A CCIO has said he is helping to “break down the barriers between data” as two trusts go live with a link up of their electronic patient records (EPRs).
Both Dermot O’Riordan, CCIO at West Suffolk Hospital NHS Foundation Trust and Afzal Chaudhry, CCIO at Cambridge University Hospitals NHS Foundation Trust (CUH) spoke to Digital Health News about the link-up, which allows clinicians to access patient data that is held within the other trust’s EPR system: Epic at CUH (Addenbrooke’s and The Rosie hospitals) and Cerner Millennium at West Suffolk Hospital.
From within each hospitals’ EPR systems clinicians can see a patient’s past and present clinical information; from conditions and treatments to latest test results held at the opposite hospital.
The aim is to save time and reduce delays to care and duplication.
O’Riordan said the feature was about himself and Chaudhry “breaking down the barriers between data”.
“It was very much a clinical-led initiative, myself and Afzal both could see the benefits,” he added.
“We both had the clinical vision that this was where we wanted to do and drove it.
“It is a tribute to everybody, from the clinicians to the vendors who did not get in the way.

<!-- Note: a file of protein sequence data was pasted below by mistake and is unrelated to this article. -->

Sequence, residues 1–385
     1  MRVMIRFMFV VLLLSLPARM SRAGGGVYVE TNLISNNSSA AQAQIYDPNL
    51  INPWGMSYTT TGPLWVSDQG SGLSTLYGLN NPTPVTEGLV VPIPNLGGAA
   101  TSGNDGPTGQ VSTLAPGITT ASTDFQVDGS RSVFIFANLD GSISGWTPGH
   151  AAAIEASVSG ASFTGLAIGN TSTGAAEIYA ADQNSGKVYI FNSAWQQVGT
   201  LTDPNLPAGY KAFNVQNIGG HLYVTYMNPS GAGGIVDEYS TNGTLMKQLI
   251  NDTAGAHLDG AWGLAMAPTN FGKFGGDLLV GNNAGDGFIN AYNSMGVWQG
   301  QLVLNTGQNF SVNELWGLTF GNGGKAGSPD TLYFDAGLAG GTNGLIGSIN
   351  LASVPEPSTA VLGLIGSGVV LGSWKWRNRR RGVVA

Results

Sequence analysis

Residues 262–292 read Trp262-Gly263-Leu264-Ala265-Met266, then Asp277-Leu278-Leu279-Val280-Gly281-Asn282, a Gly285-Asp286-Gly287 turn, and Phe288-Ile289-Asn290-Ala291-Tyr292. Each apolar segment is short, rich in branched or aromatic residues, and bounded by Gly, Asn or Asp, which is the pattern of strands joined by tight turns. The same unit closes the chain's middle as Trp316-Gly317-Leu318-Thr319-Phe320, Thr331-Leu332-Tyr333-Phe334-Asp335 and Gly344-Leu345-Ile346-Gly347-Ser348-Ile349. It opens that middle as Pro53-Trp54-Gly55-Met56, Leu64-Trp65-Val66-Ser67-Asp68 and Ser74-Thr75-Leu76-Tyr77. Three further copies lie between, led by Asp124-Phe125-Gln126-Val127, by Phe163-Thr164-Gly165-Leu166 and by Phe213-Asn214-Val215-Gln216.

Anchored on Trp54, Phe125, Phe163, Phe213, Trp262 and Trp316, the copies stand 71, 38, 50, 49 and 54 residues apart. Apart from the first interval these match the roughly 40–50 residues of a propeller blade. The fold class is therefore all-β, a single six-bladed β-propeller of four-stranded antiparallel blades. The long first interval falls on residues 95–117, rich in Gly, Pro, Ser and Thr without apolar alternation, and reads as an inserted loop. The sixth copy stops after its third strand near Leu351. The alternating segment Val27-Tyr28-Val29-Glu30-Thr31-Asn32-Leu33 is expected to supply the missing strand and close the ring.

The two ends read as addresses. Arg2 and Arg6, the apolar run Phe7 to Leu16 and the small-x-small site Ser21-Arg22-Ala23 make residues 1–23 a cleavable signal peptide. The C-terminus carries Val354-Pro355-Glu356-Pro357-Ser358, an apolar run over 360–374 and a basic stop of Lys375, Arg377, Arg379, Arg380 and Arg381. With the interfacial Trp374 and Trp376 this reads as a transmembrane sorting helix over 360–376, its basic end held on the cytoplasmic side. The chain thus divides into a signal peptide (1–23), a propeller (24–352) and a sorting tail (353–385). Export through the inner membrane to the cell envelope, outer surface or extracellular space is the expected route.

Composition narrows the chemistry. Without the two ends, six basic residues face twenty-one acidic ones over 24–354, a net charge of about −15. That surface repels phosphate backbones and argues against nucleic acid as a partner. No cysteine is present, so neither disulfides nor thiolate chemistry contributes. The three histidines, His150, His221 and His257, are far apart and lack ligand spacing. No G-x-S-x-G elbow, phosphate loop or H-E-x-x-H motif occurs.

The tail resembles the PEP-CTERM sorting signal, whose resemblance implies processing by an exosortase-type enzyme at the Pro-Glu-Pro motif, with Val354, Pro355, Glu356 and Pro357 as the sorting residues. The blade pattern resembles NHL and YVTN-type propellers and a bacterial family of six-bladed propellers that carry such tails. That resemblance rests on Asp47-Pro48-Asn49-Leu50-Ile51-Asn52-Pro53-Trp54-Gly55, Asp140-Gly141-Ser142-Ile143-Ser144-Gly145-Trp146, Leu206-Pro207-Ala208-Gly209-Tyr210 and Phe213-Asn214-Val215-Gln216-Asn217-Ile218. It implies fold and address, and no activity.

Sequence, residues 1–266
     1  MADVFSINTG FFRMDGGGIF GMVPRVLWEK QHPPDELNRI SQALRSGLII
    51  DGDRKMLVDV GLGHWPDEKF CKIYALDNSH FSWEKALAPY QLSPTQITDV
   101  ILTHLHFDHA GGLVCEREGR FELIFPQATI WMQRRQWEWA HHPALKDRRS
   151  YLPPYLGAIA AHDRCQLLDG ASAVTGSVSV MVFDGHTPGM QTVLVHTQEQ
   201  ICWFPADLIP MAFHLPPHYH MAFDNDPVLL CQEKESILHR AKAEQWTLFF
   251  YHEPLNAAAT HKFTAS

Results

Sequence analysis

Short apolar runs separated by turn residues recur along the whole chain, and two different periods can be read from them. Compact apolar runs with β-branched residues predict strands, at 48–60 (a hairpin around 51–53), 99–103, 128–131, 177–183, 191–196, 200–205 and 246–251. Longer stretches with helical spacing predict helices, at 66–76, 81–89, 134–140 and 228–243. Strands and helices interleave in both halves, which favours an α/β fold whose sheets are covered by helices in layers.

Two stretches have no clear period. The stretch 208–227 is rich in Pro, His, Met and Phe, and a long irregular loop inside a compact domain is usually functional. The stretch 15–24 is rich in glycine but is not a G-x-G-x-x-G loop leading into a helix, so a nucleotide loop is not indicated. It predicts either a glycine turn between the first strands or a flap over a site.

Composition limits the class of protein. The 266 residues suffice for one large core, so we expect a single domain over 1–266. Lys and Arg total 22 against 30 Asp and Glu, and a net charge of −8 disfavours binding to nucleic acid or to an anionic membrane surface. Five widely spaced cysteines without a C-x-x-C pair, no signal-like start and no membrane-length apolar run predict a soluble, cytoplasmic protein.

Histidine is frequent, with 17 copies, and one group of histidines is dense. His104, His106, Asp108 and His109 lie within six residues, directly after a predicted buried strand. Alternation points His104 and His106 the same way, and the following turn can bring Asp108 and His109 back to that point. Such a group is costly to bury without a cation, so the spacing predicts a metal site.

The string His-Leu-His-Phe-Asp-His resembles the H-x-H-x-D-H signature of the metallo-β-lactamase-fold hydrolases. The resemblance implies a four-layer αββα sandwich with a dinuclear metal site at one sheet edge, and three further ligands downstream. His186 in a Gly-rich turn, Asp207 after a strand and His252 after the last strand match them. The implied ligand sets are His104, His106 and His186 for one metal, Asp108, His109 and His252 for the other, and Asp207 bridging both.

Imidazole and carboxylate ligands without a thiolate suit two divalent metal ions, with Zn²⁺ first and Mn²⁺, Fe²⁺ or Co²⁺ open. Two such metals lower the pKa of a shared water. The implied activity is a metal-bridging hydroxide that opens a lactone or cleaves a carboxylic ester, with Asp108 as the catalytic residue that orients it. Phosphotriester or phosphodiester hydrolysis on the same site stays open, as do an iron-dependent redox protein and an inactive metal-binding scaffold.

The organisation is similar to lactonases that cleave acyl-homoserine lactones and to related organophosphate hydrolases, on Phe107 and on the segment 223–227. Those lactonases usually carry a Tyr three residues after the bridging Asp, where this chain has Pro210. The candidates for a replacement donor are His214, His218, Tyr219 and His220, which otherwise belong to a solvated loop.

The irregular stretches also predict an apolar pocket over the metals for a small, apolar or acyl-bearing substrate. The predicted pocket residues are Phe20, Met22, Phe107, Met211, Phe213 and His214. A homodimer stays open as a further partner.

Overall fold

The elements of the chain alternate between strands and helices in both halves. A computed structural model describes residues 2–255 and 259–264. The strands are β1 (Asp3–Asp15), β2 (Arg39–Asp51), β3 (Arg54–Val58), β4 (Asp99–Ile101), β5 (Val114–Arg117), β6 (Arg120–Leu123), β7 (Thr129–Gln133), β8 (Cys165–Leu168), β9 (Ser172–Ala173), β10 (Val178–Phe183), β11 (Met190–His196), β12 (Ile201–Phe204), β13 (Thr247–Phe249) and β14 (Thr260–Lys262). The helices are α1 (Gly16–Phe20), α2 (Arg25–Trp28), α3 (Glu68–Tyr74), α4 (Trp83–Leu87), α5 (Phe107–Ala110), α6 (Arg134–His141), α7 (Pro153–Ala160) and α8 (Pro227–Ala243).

“What is so great about it is that clinicians are using their own everyday system, [so] there isn’t another password they have to remember.”
The new feature, believed to be the first of its kind in the UK, went live just after Easter after a testing period and around a year of planning.
“We did have some issues but that is why we had the testing period,” O’Riordan said.
“But I have had texts and emails from clinicians saying ‘this is fantastic, thank you for doing it’, which is not something you hear every day in healthcare IT.
“It is really nice to get that kind of recognition for the team’s hard work.”
Looking towards the future, O’Riordan said he is now hoping to try to expand the linking up feature to other trusts, GP surgeries and local ambulance services.
Both trusts are global digital exemplars (GDE), NHS England’s flagship digital programme, which prioritises already advanced digital trusts to act as exemplars for those less digitally mature.
Chaudhry told Digital Health News that he hoped the feature would be his trust’s “blueprint” which GDEs are expected to create for other hospitals.
“This feature is universally positive,” he added.
“It is about providing more timely and higher quality care by providing clinicians with a complete and more informed picture of their patient.”